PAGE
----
The accent up Burningtown Bald was seemingly unending and I retrieved my MP3 player and used it while hiking for the first time on my thru-hike. It seemed to be the motivation I needed – Paul Simon’s “Call me Al” both amused me and fueled me up the mountain. I stopped at Cold Spring Gap shelter and hurriedly refilled my water with intention of carrying it all the way to Wesser Bald. So determined to make it there quickly, I even skipped the side trail to the great view on Rocky Bald. I flew by and raced down to Tellico Gap.

The final climb of the day, up Wesser Blad, was overwhelmingly hot. My tank was running low on energy. My emotions starting fluctuating dramatically. At one point I nearly fell asleep and another I nearly cried while thinking about seeing my family and Allison the next day. The top seemed like it would never come.

It finally did, and I climbed the tower without taking my pack off. I was going up for the night. I made amazing time getting there – my pace from Wayah Bald, a distance of about 10 miles was over 3 mph.

When I got to the top I was stunned, sleeping bags and pads everywhere and no less than 10 people were standing or sitting on the wooden platform. Shit.

I soon discovered that the majority of them were day hiking tourist. Only a man and three teenage boys remained. They said they planned to spend the night on top and I told them I would join them.

After much conversation, I grew to really like my tower-top companions. Lucky, the man leading the boys, was a retired fighter pilot. I picked his brain and extracted many of his great stories from his career. What an amazing job he had – and he told me without hesitation that it was everything you dream that it is like: the excitement, the exhilaration, the adventure. The kids were a lot of fun too and really good natured. I enjoyed goofing around with them. Austin, the man’s son, and Jacob, a friend in his Boy Scout troop were in 11th grade. The other boy, Tyler, was also in the troop and in 8th grade. His trail name was Big Foot because he already wears a size 14 shoe and is still growing! Lucky, well that is his trail name, but also his call sign when he was a fighter pilot. How badass is that?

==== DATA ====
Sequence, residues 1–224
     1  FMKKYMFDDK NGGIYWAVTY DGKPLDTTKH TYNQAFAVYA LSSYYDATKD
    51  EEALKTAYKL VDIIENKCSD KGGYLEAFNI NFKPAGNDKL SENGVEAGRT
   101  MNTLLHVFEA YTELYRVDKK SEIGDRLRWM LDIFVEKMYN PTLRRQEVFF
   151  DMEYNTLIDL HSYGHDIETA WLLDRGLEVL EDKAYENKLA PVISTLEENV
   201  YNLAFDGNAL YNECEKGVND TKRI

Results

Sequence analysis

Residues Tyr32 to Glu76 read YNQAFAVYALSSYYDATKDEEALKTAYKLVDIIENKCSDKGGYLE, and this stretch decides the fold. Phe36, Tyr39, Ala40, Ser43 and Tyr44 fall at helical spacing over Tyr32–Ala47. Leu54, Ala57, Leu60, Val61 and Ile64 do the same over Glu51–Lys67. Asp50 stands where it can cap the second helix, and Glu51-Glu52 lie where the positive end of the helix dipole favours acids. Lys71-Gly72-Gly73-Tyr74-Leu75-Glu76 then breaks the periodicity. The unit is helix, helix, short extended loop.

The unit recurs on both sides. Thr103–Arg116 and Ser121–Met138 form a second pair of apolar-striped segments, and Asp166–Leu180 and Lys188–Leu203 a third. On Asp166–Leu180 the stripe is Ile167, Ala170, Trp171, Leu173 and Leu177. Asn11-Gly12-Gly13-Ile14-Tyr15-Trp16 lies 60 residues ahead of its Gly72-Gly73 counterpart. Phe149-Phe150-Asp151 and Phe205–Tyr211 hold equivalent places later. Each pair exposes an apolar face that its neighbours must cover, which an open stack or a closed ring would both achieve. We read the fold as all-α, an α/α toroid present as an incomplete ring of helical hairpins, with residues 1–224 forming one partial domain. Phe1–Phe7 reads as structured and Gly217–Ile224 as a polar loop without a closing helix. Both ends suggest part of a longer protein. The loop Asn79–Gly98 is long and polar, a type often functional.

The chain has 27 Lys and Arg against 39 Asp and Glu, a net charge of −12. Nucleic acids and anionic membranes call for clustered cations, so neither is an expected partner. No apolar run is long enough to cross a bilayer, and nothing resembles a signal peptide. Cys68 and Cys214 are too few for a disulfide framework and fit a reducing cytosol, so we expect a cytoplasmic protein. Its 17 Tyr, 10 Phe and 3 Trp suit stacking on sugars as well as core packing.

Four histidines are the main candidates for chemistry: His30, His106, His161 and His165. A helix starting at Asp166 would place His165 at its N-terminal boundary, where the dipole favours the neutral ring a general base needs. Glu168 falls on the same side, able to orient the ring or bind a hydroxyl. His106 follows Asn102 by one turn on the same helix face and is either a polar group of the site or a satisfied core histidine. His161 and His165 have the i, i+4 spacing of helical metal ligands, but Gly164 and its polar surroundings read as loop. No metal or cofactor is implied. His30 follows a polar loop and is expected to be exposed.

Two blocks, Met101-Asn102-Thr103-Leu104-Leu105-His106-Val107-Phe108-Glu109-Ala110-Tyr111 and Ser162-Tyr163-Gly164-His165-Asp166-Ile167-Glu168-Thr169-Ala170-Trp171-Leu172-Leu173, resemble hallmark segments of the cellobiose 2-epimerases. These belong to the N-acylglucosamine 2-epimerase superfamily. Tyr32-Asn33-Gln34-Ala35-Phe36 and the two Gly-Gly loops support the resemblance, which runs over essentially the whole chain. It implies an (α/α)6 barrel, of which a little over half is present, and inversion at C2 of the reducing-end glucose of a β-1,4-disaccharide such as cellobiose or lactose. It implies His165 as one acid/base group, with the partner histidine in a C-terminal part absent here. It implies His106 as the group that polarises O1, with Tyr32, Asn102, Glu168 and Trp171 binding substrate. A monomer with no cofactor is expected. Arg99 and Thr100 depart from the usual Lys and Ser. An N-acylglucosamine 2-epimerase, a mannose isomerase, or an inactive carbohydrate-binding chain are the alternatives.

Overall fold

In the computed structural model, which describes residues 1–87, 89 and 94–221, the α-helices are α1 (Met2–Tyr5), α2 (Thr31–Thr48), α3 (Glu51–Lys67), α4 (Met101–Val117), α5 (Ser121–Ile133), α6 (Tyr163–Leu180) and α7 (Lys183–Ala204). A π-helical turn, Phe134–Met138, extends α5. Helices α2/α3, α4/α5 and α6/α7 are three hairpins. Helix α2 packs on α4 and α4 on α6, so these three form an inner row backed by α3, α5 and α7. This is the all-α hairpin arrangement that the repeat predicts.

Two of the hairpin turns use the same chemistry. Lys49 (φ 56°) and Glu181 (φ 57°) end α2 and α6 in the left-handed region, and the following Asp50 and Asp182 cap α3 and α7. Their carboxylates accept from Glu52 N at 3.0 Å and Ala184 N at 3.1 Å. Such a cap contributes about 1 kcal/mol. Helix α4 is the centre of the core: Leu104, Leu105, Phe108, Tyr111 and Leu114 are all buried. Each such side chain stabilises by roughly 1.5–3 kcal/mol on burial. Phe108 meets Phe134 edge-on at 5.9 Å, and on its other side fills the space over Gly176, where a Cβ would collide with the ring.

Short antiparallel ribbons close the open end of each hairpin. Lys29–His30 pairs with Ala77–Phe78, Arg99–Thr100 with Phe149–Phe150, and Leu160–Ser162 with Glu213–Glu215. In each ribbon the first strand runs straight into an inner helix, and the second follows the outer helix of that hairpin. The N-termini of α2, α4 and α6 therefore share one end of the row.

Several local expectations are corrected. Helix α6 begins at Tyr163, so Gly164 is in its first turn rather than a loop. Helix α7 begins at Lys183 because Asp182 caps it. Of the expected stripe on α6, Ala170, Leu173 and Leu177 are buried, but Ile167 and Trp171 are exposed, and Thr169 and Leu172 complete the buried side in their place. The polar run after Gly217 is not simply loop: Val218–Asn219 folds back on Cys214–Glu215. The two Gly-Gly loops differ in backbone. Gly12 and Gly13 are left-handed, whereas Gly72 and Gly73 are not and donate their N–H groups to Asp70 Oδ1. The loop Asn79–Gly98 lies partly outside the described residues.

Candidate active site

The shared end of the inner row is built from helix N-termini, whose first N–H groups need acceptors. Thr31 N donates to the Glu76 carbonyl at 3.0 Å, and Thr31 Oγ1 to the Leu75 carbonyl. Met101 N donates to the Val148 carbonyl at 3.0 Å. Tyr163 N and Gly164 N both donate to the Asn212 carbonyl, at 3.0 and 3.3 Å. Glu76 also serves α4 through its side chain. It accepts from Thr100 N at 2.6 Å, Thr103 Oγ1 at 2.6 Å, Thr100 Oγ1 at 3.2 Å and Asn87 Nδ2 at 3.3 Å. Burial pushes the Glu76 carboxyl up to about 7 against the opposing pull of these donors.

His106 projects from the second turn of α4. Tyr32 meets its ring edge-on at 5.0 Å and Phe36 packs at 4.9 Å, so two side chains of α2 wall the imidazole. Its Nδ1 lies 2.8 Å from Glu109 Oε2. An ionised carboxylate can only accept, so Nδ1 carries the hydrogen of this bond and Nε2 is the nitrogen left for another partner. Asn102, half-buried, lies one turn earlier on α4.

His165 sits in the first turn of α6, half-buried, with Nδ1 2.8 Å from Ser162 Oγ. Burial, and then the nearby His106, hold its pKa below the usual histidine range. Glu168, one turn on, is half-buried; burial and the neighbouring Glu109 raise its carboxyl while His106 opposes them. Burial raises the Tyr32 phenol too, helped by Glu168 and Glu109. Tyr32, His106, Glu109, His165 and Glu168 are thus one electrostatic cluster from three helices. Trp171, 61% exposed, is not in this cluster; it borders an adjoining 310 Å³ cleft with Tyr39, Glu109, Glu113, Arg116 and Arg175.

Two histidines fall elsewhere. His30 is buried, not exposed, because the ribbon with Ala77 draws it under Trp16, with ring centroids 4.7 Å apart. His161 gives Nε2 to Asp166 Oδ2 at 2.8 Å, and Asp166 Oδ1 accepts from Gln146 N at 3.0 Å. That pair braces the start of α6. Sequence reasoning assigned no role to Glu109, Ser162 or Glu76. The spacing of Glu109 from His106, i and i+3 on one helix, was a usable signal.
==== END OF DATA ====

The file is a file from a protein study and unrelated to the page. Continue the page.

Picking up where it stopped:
Lucky told me the name of his old fighter pilot squadron but I forget its exact name. It was something that combined cool with equal part tough. Something like the “Death Marauders”. The guy was a true American cowboy.

The five of us enjoyed a stunning sunset. The views from the tower were superb thanks to the clear weather, but several fires burning in the distance soon had the vistas enveloped in a smoky haze. This was actually well timed – the smoke mad the setting sun extra vibrantly red. My third sunset in as many nights, and this time the sun was setting on my time in the beautiful Nantahalas.

I always imagined sleeping atop the Wesser Bald lookout on my thru-hike alone reenacting Earl Shaffer’s 1948 visit on his hike. But he wasn’t alone – in fact he stayed up late talking about countless subjects with the tower operator. Nor am I alone, I lay awake staring at a night sky filled with countless starts listening to the boys go from one subject to another – from astronomy to military to aviation. Their excitement to be out here is contagious. Thanks for the memories guys, and goodnight Earl.


  1. Man, I’ve gotta say you’re writing the most interesting trail journal I’ve ever read! It’s hard not to be out there, especially in the heart of spring. You are a true Appalachian hiker if there ever was one. Looking forward to hiking with you here in good ole SWVA soon.

  2. Some people get to live a dream — others are working it!
    Nice touch on the Site, as well the entire theme behind it.
    We’ve been renting the ‘lookouts’ in the Pacific Northwest for over ten years now — wouldn’t have it any other way. (The experiences from this — priceless!!)
    All the best…